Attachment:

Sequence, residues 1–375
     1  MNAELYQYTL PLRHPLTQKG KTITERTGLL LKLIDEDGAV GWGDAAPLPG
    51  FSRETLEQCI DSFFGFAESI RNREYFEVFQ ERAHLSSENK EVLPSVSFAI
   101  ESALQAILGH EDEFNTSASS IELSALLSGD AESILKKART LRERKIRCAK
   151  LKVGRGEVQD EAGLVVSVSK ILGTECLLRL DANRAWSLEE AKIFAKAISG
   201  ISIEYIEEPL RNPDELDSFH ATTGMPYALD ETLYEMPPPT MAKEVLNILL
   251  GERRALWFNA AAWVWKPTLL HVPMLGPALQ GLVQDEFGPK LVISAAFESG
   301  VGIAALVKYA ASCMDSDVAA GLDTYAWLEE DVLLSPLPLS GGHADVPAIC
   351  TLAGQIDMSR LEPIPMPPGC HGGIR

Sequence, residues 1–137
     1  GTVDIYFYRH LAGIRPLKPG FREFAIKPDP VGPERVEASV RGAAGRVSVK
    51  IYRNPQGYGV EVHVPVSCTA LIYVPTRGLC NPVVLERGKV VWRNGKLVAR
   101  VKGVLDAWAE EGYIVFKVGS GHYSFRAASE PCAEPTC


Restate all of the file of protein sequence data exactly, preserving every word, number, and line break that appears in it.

Sequence, residues 1–375
     1  MNAELYQYTL PLRHPLTQKG KTITERTGLL LKLIDEDGAV GWGDAAPLPG
    51  FSRETLEQCI DSFFGFAESI RNREYFEVFQ ERAHLSSENK EVLPSVSFAI
   101  ESALQAILGH EDEFNTSASS IELSALLSGD AESILKKART LRERKIRCAK
   151  LKVGRGEVQD EAGLVVSVSK ILGTECLLRL DANRAWSLEE AKIFAKAISG
   201  ISIEYIEEPL RNPDELDSFH ATTGMPYALD ETLYEMPPPT MAKEVLNILL
   251  GERRALWFNA AAWVWKPTLL HVPMLGPALQ GLVQDEFGPK LVISAAFESG
   301  VGIAALVKYA ASCMDSDVAA GLDTYAWLEE DVLLSPLPLS GGHADVPAIC
   351  TLAGQIDMSR LEPIPMPPGC HGGIR

Sequence, residues 1–137
     1  GTVDIYFYRH LAGIRPLKPG FREFAIKPDP VGPERVEASV RGAAGRVSVK
    51  IYRNPQGYGV EVHVPVSCTA LIYVPTRGLC NPVVLERGKV VWRNGKLVAR
   101  VKGVLDAWAE EGYIVFKVGS GHYSFRAASE PCAEPTC